Over on Twitter Bill McBride points out a note on house prices from Goldman “The supply-demand picture that has been the basis for our call for a multi-year boom in home prices remains intact. … Our model now projects that home prices will grow a further 16% by the end of 2022.” Goldman: "The supply-demand picture that has been the basis for our call for a multi-year boom in home prices remains intact.
I recently gave a talk on housing markets, beginning with some observations and asking a few pressing questions. U.S. house prices are increasing at about a 20 percentage point annual rate in recent months, the highest rate of growth ever recorded. The level of real (inflation-adjusted) house prices is the highest in 131 years of house price data stretching back to 1890. What does this mean for the housing market?
I continue to experiment with ggfx. This week I made some charts showing U.S. housing starts. This chart emphasizes the fact that while housing starts have been increasing over the past decade, the absolute level of starts is only moderate when compared to pre-Great Recession (2008-2009) data. I like to use the ggfx::with_outer_glow functions to create a hazy glow around the density plot. Here is the R code for that chart.
Yesterday I gave a virtual talk at JSM 2021 on Visualizing Economic and Financial Market Trends in Volatile Times. Here is a summary of my remarks. The COVID-19 pandemic and associated economic slowdown has led to unprecedented volatility in many economic and financial time series. With swings well outside of historical ranges, many forecasting models break down. Data visualization techniques are a powerful tool to help the analyst understand evolving economic and financial market trends.
I want to share with you a fun rose chart. No not the Nightingale chart (see Jeff Shaffer). Rather we’re talking about a cool generative chart, that fit in a tweet from @aschinchon [https://twitter.com/aschinchon] : #rose library(tidyverse) seq(-3,3,by=.01) %>% expand.grid(x=., y=.) %>% ggplot(aes(x=(1-x-sin(y^2)), y=(1+y-cos(x^2)))) + geom_point(alpha=.05, shape=20, size=0)+ theme_void()+ coord_polar()#rtistry #rstats #Maths #generativeart pic.twitter.com/vAVeQU0K2o — Antonio Sánchez Chinchón (@aschinchon) June 16, 2021 I was inspired to use ggfx to add some features.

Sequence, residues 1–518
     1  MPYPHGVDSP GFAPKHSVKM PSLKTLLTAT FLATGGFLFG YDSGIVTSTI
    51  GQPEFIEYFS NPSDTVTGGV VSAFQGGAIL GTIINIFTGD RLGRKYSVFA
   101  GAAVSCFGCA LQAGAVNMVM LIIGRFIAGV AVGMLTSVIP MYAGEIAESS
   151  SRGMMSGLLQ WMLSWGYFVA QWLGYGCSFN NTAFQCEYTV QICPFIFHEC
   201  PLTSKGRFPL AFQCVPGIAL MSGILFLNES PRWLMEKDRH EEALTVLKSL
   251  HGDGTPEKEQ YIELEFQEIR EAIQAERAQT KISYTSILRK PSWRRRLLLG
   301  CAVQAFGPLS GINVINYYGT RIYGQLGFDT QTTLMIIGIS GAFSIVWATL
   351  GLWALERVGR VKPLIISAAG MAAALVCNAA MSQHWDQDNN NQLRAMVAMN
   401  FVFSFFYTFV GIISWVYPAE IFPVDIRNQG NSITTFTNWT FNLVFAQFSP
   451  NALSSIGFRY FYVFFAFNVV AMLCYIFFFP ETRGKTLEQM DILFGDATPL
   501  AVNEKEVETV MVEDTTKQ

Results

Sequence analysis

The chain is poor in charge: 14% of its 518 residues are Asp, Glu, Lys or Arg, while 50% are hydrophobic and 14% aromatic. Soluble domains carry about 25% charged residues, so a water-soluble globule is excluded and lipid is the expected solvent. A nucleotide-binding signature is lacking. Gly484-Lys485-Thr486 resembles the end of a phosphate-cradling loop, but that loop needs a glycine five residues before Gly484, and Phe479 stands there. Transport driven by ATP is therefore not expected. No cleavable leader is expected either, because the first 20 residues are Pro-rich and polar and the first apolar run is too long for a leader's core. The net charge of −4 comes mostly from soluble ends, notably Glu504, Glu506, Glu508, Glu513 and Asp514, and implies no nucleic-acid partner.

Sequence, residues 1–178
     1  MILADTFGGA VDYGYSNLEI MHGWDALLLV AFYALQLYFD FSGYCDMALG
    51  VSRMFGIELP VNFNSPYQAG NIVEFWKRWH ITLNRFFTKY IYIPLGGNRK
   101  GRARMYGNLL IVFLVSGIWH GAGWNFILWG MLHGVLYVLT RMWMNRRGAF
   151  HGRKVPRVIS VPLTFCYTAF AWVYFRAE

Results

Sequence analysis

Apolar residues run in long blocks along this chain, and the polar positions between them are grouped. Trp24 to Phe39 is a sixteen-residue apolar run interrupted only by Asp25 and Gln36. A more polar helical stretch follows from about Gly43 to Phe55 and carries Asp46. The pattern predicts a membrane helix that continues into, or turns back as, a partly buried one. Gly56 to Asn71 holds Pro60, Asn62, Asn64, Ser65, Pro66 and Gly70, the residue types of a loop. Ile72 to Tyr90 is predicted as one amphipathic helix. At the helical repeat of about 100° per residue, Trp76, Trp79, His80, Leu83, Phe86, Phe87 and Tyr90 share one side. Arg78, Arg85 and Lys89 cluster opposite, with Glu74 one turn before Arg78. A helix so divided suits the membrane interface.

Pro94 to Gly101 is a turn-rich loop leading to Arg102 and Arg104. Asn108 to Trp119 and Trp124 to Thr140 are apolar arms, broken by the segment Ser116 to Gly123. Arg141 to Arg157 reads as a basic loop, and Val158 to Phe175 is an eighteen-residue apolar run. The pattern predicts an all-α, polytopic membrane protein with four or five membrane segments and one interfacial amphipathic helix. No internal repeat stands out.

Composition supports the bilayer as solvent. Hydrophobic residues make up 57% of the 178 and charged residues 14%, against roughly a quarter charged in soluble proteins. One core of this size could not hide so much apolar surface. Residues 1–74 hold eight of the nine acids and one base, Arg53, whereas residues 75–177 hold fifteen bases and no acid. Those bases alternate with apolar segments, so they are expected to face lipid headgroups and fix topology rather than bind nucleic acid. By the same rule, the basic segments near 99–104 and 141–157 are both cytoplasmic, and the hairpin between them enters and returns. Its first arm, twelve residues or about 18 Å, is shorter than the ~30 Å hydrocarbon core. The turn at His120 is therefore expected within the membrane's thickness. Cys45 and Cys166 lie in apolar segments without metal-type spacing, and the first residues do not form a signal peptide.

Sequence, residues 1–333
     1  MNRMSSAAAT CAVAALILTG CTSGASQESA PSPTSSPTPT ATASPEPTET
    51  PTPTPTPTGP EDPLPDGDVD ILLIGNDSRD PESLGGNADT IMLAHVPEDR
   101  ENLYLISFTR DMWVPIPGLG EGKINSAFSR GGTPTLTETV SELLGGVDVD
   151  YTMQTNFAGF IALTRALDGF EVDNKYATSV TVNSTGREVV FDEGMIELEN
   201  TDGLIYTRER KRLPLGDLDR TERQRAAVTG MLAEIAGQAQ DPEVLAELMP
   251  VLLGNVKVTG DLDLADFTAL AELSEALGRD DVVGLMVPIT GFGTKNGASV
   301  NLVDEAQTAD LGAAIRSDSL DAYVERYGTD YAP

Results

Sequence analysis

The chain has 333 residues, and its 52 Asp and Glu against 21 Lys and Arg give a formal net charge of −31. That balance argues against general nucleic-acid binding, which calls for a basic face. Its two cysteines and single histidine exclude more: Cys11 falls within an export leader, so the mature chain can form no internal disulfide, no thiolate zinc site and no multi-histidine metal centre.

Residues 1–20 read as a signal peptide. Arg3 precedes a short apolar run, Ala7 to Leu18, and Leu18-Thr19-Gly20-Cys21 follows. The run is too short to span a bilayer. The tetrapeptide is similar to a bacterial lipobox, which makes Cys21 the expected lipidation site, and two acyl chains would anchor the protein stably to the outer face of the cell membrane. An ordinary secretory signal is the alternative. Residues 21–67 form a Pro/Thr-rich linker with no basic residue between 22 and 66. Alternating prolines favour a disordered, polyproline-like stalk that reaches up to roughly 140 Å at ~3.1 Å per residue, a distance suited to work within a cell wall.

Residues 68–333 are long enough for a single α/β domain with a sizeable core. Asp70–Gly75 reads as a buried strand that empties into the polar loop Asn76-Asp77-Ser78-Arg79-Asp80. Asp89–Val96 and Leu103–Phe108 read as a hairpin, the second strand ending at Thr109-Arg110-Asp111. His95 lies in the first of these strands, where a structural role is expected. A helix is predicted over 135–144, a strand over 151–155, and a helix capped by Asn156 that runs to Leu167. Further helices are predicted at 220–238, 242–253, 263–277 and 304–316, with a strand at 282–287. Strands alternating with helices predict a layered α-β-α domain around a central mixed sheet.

This morning the U.S. Bureau of Labor Statistics reported record high job openings in the JOLTS data. Using the code in this post I tweeted out this chart showing job openings are at a record high in the US. chart link With so many job openings you might be curious to ask whether or not the recession that started last year is well and truly over. Many indicators certainly seem to say say.
Recently I’ve been doing some experiments with the new R package ggfx. Earlier this month I shared an example, using ggfx for good. Since then, new features have been added to ggfx and I’ve found new applications for them. In this post, we’ll take some standard charts and watch them glow up as we add new features from ggfx. Having our charts glow up might not be the best idea, Bob Rudis suggests we’re converging on Excel level graphs.
I have been recently messing around with the new ggfx package. using #rstats ggfx::with_bloom and ggridges::geom_density left with ggfx, right without pic.twitter.com/L8yknjAJVw — 📈 Len Kiefer 📊 (@lenkiefer) March 4, 2021 Most of my applications (see below for a gallery) have maybe not been applying good dataviz guidelines. But I think I have found a good example. We can use the ggfx::with_blend function to layer a recession indicator with a time series and color code the lines.
Yesterday I gave a virtual lecture on data visualization at GMU. Here I’m posting the slides I used for that talk and including my discussion notes for the portion of the talk where I discussed guidelines for data visualization. At the beginning of the talk I spoke a bit about data visualization guidelines. I framed this part of my talk around Jon Schwabish’s five guidelines from his new book Better Data Visualizations see (on Amazon) and here for a blog summary.
Last week the U.S. Commerce Department reported the advance estimate for annual economic growth for 2020. For the full year, US gross domestic product contracted 3.5 percentage points, the largest annual decline since the 11.6 percentage point contraction in 1946. The similarities pretty much end there. In 1946 the US economy was demobilizing after finishing the fight against fascism. Factories were shuttered that had been producing munitions, fighter planes, tanks and liberty ships, while the G.